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STORY OF THE WEEK
The Langham Club
By Spencer Wise
His hands came up to cover his schnoz, a drop of blood on his white shirt. He shocked me by saying, “This is very promising. You might fit in here.”
POEM OF THE WEEK
Aubade to a Collapsed Star
By Keith S. Wilson
You bankrupt the sun, underwater statue. Dark galaxy of faults, our bed a garden of the littlest sighs of our waking.
We’re seeking works from new and emerging poets as well as from established ones. All entries are considered for publication.
Please see the
OPEN TO ALL WRITERS
We’re looking for short stories, essays, memoirs, photo essays, graphic stories, and excerpts from long fiction and nonfiction.
Please see the
in the Family
By E. L. Doctorow
The great debate between his family was this: who was responsible for the fact that he had not lived up to anyone’s expectations?
PHOTOGRAPHY & ART
PHOTOGRAPHY & ART
By Curt Richter
Out of the many Southern writers whom Richter photographed across the past two decades, we’ve chosen twenty-five who have awed and inspired us.
By Ellen Bass
I listened with my spine, with the soles of my feet, the whorls of my fingertips. I listened as though I woke on a savannah to a lion’s roar.
By Michelle Bitting
Isn’t it nice to think tomorrow is a new day with no mistakes yet? The stains on your skin, really wounds rubbed clean, rolled in clover.
Conversations with Death
By Danielle Blau
I bit my tongue
Two Girls Bathing and Other Poems
By Ama Codjoe
Carol points to a spot on my back. I resist the urge to hide my breasts. She wears her nakedness like it has been woven from air.
Praying Naked and Other Poems
By Katie Condon
It wasn’t guilt I felt. Maybe it was loneliness. Maybe it was my own desire to be desired, since, if a man wants me, I know I have at least a little worth left.
The Orchid Casket and Other Poems
By Norman Dubie
I forgot to detail that the jumper leapt from beside the hanging Monet into a wild hailstorm, tree limbs falling all around them.
By William Fargason
Here we were, seventeen, more pissed than we knew what to do with, lost in the sweat of the crowd and the noise of the music, thankful for the distortion.
The Visiting Room
By Caits Meissner
We shuffle through the metal detector as one dumb animal. We spread. Kneel. We’ll come out missing parts.
The Land of
By Faisal Mohyuddin
In Urdu, the clock tower is called Ghanta Ghar, meaning Hour House, which sounds just like
However, nothing of it is ours.
The Truth the
By Anne Sexton
Gone, I say and walk from church, refusing the stiff procession to the grave, letting the dead ride alone in the hearse. It is June. I am tired of being brave.
Ruth Stone Explains the Book of the Dead to Sylvia Plath
By Christian Teresi
I did what I could to hush the knot and rope, the truth of gravity. There are not enough idiomatic expressions to converse flawlessly with the dead.
The New Dark Ages and Other Poems
By Chase Twichell
The day’s adventure was a trip to the Horses’ Graveyard. Only the locals know where it is. You have to walk far from the pink-white tourist beaches.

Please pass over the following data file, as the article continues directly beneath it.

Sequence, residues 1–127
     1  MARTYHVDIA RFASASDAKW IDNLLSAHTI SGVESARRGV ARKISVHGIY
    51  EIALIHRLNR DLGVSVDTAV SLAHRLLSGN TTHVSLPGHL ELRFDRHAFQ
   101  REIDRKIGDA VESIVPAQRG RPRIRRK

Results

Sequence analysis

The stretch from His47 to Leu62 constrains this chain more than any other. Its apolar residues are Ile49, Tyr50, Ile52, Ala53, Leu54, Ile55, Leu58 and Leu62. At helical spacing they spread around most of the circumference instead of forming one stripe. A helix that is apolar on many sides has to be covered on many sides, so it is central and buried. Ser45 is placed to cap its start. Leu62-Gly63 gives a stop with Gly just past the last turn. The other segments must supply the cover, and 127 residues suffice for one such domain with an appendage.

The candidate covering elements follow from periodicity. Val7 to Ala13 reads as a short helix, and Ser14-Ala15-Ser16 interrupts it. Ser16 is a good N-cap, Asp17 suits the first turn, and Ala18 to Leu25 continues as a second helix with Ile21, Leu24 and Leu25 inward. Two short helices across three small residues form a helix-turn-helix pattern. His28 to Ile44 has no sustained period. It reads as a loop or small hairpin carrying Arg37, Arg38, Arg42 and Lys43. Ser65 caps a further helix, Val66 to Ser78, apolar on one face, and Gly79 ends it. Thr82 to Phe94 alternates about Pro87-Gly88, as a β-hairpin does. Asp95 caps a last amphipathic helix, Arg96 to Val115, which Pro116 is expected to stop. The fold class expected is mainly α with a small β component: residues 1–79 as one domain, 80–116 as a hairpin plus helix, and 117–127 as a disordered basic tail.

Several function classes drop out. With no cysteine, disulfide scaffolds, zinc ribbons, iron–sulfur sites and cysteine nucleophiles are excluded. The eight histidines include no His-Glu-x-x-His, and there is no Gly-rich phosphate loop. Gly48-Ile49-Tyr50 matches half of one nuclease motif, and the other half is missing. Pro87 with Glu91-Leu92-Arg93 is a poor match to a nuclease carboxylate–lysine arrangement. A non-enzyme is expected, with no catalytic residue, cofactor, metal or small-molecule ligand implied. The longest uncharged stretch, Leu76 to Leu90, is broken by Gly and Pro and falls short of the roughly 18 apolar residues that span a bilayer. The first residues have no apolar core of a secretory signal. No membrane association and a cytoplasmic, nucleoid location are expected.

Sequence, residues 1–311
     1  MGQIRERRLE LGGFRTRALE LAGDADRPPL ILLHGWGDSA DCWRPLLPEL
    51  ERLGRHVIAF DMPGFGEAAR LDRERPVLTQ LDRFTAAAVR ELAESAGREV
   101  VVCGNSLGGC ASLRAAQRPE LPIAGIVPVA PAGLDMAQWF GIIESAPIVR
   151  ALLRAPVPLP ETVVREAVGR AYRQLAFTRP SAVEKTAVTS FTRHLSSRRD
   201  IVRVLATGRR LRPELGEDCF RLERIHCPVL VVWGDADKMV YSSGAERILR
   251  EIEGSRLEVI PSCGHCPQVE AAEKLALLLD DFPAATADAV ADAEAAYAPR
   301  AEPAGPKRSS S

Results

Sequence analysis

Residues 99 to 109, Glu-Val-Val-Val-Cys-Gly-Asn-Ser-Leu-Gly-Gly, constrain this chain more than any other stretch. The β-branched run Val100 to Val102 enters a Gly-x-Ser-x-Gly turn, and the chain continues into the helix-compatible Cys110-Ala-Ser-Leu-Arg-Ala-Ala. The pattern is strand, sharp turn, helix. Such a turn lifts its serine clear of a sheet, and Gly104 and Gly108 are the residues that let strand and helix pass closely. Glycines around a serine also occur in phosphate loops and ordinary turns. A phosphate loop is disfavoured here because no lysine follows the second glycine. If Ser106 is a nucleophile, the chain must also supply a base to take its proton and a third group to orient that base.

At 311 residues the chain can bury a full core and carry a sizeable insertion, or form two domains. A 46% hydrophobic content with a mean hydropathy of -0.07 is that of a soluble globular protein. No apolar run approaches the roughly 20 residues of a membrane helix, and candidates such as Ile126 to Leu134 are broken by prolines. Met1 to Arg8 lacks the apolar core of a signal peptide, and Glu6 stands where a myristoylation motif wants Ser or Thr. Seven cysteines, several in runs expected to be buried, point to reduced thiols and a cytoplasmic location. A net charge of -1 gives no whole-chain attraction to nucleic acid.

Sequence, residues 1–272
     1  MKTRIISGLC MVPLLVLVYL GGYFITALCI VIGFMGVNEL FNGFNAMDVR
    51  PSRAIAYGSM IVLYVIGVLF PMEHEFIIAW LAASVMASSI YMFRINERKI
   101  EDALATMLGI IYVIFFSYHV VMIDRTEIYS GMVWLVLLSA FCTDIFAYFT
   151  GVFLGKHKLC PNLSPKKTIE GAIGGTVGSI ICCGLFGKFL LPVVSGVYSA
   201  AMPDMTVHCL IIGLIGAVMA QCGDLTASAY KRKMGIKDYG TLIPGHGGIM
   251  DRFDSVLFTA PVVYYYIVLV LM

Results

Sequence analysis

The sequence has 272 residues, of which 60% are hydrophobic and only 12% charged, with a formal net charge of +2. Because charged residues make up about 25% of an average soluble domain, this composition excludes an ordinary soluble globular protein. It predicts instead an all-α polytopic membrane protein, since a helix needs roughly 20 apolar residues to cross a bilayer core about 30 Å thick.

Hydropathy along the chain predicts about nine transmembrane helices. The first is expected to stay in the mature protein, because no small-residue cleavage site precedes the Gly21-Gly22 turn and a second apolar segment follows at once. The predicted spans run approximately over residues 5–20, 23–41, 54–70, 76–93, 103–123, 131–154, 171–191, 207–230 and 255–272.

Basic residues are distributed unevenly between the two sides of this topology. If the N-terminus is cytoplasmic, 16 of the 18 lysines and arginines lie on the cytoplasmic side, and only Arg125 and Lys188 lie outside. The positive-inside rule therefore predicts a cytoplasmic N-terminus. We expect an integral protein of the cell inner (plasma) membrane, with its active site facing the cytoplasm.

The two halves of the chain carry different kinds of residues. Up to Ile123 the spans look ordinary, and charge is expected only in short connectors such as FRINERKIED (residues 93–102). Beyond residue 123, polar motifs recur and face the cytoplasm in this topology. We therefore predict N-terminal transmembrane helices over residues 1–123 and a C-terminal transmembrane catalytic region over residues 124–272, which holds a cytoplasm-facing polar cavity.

On Seeing Damien Hirst’s “Kingdom of the Father”
By Laura Wetherington
The butterflies hang grotesque: House paint obscures the edges, black paint licking down their iridescent fur.
By Ocean Vuong
Ocean, don’t be afraid. The end of the road is so far ahead it is already behind us. Don’t worry. Your father is only your father until one of you forgets.
By Sarah Wedderburn
Goldfinches spring in a throng from the thorn. Their fat little squadron, full throttle for freedom, rides airwaves before us.
In Defense of Ballin’ on a Budget
By Marcus Wicker
Damn, Will—they’ve got you sounding mighty Uncle Phil in these streets. Like the still calling the Ketel One cheap.
with Don Lee
Your cure for when the spirit flags?
Friends, exercise, and nature. Even better all together.
Still Here, Still There
By Richard Bausch
The American believed this was his death—this that turned out to be his luckiest chance: a savior from the other side.
By Gail Godwin
Deep down, below the level where right and wrong stayed separate, I was awed at myself for being able to summon such wrath.
By Austin Smith
In the abbey, no one took him for a lapsed bohemian who played jazz records and danced naked.
Robert Stone and Kate Chopin
Stone’s Adaptation of
We went in search of the missing pages from
Children of Light
and found them in an archive of Stone’s papers.
Saving Planet Earth
By Bill Barich
Our subscribers tended to be fervent activists, hardcore eco-warriors in the mode of Edward Abbey’s Monkey Wrench Gang, or delicate souls who ate no meat.
By Hal Crowther
A tough cookie, this warrior-priest, who talked about his eleven-plus years in prisons the way scholars talk about graduate school.
By Chandra Ganguly
We embarked on a three-day train ride from Pondicherry in the southern tip of India to Shillong at the northeastern tip of Assam.
Cartoon Art Volume 2017-06
By Various Artists
New laughs from Pat Byrnes, Charlie Hankin, Farley Katz, Mary Lawton, and Gordon & Miller.
Cartoon Art Volume 2017-05
By Various Artists
New art and humor from Curtis Edwards, Rina Piccolo, Julia Suits,
Vey, and Kim Warp.